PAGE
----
Director of Transform Justice
Apart from your current organisation which other organisations that campaign do you admire and why?
Policy Exchange – because whatever one thinks of their views, they have succeeded in getting the ear of this government and have influenced policy profoundly. They have championed police and crime commissioners and the breaking of the public sector “monopoly” over probation services. Without them these things might not have happened. I admire them because they are effective, though they probably wouldn’t describe themselves as campaigners.
Citizens UK for campaigning for the Living Wage. They have argued well, got good evidence and successfully used community organisers as advocates. A worthy cause slowly and steadily won, mainly through face to face contacts and meetings.
Generally are organisations getting better at campaigning since you began your career? If so, what’s changed?
Organisations are getting better but the political space is getting more difficult to influence. MPs and Peers are efficiently whipped and few will defy their party.
E-campaigning has revolutionised campaigning through helping charities to harness the passion of thousands of supporters. It’s a double edged sword though, because the more mass e-mail campaigns there are, the more difficult it is to break through.
Which campaigner inspires you most?
Ray and Vi Donovan’s son Chris was killed by a group of boys in horrible circumstances. Ray and Vi met their son’s killers in a restorative justice conference and felt “free” for the first time in years. They have set up a trust in memory of Chris and tour the country talking about their experience and the power of restorative justice. Ray and Vi truly have created good out of bad.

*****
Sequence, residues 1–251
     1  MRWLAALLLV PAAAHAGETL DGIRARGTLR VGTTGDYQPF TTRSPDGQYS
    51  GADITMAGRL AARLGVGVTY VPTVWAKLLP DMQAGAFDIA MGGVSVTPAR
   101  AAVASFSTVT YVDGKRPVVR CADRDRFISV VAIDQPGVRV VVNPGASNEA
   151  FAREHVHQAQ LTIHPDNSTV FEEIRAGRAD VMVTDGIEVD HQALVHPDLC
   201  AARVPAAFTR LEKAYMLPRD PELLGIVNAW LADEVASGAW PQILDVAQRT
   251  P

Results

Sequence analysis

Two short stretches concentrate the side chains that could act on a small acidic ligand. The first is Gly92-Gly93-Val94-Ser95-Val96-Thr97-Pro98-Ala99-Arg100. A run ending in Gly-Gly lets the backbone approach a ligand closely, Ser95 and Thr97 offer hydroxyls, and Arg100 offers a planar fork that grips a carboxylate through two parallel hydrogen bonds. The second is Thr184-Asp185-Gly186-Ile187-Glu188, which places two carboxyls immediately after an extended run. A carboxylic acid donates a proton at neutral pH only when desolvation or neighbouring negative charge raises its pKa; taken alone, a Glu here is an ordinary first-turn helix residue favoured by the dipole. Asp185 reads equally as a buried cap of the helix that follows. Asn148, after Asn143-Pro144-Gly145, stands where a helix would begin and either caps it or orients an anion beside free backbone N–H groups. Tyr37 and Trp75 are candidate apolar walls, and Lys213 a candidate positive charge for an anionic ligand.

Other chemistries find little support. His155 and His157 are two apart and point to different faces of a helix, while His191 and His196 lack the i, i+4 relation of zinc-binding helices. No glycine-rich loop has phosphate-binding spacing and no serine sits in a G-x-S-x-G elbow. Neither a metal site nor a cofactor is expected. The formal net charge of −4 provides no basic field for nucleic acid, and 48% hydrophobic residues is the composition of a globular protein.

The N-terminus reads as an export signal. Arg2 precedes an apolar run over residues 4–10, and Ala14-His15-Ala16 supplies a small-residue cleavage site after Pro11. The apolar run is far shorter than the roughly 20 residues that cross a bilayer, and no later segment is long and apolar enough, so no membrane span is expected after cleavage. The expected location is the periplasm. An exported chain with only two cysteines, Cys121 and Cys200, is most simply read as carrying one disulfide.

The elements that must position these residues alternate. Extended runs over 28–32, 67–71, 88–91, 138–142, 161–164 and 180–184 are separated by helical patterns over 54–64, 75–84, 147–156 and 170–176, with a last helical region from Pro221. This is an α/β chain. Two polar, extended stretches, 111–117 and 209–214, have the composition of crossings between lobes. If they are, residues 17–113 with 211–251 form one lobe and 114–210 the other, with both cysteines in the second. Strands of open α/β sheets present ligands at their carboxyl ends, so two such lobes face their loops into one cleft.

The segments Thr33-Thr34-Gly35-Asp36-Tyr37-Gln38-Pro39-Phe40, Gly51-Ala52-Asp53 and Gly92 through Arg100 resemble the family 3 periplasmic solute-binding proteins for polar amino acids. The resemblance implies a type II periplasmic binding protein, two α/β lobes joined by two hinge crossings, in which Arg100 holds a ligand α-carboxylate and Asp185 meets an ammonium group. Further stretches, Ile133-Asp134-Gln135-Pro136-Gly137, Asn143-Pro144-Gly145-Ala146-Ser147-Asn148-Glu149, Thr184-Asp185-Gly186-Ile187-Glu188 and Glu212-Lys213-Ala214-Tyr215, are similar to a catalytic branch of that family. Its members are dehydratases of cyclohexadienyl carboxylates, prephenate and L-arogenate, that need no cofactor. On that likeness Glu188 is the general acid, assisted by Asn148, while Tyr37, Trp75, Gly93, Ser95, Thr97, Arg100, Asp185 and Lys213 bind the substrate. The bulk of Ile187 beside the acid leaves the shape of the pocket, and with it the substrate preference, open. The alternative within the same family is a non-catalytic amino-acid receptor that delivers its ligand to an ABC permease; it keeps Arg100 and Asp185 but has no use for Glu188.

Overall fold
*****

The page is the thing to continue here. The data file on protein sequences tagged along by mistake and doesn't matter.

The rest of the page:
What three attributes make a good campaigner?
The ability to understand other points of view
What’s the most rewarding or exciting campaign you’ve worked on and why?
The Out of Trouble campaign I led for the Prison Reform Trust was very rewarding. The aim was to reduce the number of children and young people imprisoned in the UK. During the course of the five year campaign, the number of under 18 year olds imprisoned in England and Wales reduced by a third. A sign of true success is that the campaign ended in September 2012 but the numbers have continued to fall ever since.
How do you feel campaigns will change over the next five years?
I hope campaigns will focus less on changing the law. Legislation is very powerful but changing legislation does not necessarily produce social change and vice versa.
What advice would you give someone starting their career in campaigning today?
Be incredibly focussed. Campaigns with vague, amorphous aims tend not to work. Remember achieving your aim is the most important thing. It doesn’t matter if no-one knows who or what organisation was behind a positive social change, as long as it happens.
If you weren’t a campaigner, what would you be?
A civil servant. Civil servants have more power to influence positive social change than anyone else in government. But I would need to be able to conform and I’m not convinced I could.